6. None of the references to keratinization you cite provide any experimental data to substantiate the claim. Therefore it remains unfounded. It is true that it has been around a long time, and that even circ proponents have claimed it (as a supposed advantage of circ!), but that still does not make it true. Until someone actually does the measurements, on stained, sectioned samples of glans skin, and proves a difference, I am justified in dismissing it as an unproven myth. Szabo & Short remain the only ones to have done this, and they found no difference. I note that intactivist John Taylor acknowledges (in the FAQ section of his website) that keratinization is “probably not to any significant extent”.
      I have Sorrells, W&M’s rebuttal, and Young’s counter-rebuttal all on my computer. Like Young you miss the purpose of W&M’s table. They were trying to show p-values for same-point comparisons. Therefore it could not include points present on only one or other type of penis. These were discussed in the text, and did not need a table, as one was already provided by Sorrells. Bonferroni correction is standard when multiple comparisons are being done. There is nothing improper about using it.
      Circ is no impediment to masturbation, as millions of males know (up yours Kellogg!). In fact it opens up alternative options (lube is so much better than when a 4skin is in the way), so it is questionable if the ability to get skin over the glans is really a function, or just a property. As long as there is enough movement in the shaft (and there nearly always is) “pumping” is easily, and enjoyably, done. Besides, some guys like to do it with 4skin back.
      Re restored males. Their accounts are anecdotal, and likely represent placebo effect at work. Besides, there are cases of restored males getting circ’d again. Placebo does not work for all, it seems.
      You do not provide your source for your claim about Zimbabwe, so I cannot verify it.
      If your source for your claim about Nyanza is the Kenya AIDS Indicator Survey 2012, then you are cherry-picking one bit that suits your agenda, and ignoring all those that don’t. Nyanza has the highest HIV prevalence by far of Kenya’s regions (14.9 % in 2007, 15.1 % in 2012), but the lowest incidence of circumcision. Even though circ in that region has increased by 18 % over those 5 years, at 66 % it still falls well short of the current >90 % in all other regions. HIV has fallen, often dramatically, in all but one other region (excluding North Eastern for which there is no data). The increase is just 0.2 % (same as for Central region, the only other where it increased). Which begs the question how much greater would it have been without circ? Without a control you cannot say. We do not know how that increase breaks down in terms of circ’d vs uncirc’d men. But the implication from figure 10 is that most of those new cases will be in the remaining 34 % uncirc’d men. In 2007 uncirc’d Kenyan men were 3.4 times more likely to get HIV than circ’d ones. In 2012 the disparity had risen to almost 5.5. In short as medical circ is rolled out the protective effect increases (previously many circ’d men will have suffered, and I mean suffered, barbaric ritual circs which are dangerous and can actually spread HIV). The only other people I have debated who share your ability to cherry-pick a single detail that fits their agenda, whilst ignoring overwhelming contrary data in the same article, are creationists. Truly, you are in denial.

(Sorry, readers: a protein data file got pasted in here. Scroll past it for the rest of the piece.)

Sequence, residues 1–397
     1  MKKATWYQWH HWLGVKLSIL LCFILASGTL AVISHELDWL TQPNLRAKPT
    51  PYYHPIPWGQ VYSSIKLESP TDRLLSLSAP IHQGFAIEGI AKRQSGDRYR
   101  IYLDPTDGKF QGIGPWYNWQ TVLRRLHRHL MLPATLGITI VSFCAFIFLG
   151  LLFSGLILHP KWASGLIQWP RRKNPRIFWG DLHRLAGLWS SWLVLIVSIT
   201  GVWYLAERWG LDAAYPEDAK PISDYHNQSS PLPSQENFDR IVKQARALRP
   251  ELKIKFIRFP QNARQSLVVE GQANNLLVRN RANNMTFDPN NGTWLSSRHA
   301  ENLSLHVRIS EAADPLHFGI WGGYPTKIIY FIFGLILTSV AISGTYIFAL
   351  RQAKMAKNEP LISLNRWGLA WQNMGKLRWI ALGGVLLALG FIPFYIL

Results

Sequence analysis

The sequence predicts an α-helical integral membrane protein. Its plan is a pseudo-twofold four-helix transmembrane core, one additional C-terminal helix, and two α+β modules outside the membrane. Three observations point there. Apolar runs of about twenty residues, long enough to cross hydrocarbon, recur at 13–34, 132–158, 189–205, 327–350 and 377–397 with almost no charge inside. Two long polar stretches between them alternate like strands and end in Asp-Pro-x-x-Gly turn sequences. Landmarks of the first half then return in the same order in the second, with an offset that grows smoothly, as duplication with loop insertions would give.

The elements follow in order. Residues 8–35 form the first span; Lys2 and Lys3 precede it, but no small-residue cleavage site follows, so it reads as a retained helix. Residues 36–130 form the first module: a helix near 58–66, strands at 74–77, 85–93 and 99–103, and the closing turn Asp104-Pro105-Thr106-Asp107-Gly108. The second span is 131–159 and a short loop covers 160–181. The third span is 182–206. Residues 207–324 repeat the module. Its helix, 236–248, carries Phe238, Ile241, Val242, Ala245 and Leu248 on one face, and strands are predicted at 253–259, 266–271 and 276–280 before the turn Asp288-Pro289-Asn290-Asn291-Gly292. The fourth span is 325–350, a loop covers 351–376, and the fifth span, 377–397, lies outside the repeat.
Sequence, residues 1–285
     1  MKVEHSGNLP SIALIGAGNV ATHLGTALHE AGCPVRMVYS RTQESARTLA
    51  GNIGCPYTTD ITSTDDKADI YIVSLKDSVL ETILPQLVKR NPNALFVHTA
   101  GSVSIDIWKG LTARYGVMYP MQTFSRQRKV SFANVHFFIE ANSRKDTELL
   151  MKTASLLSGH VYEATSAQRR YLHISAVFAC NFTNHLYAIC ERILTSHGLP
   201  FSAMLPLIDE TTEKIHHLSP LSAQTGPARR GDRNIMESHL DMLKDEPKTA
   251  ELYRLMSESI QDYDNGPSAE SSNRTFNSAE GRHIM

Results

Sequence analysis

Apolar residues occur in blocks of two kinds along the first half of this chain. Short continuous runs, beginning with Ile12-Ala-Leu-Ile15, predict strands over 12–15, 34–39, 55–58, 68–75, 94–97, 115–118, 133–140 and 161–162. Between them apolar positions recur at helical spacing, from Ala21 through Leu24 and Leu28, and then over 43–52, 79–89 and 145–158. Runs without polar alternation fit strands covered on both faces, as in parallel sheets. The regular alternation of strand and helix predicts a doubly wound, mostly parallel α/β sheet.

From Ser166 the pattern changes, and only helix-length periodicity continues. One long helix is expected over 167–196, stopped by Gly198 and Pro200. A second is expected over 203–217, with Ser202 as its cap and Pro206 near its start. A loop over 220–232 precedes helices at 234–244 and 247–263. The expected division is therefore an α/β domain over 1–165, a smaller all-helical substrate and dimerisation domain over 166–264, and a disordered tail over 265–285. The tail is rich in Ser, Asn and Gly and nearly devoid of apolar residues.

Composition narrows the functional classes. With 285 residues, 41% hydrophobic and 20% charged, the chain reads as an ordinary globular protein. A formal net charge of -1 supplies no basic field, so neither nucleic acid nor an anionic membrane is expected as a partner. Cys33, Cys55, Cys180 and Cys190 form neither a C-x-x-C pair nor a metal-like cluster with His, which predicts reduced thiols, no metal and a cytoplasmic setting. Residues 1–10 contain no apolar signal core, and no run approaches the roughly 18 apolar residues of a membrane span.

7. I already explained why the bonferroni correction makes a difference. And I insist that if a point is not present in the circumcised penis but is present in the intact penis, the correct action is not to erase the existing data, but to assume that the non-existing data is 0/Null (there is no sensitivity in parts of the body that are not present).

      I agreed that circ. is not impediment to masturbation, yet it can make things more difficult for some. See this person’s dilemma in a body building forum: http://forum.bodybuilding.com/showthread.php?t=145757911&page=1&welcome=true

      It does not however, open alternatives. An intact male can masturbate with lubricant if he so desires. A circumcised male cannot masturbate by gliding the skin. Whether lube is better than gliding or not, is a subjective appreciation, and one that shouldn’t be restricted by parental preference – destroying one possibility.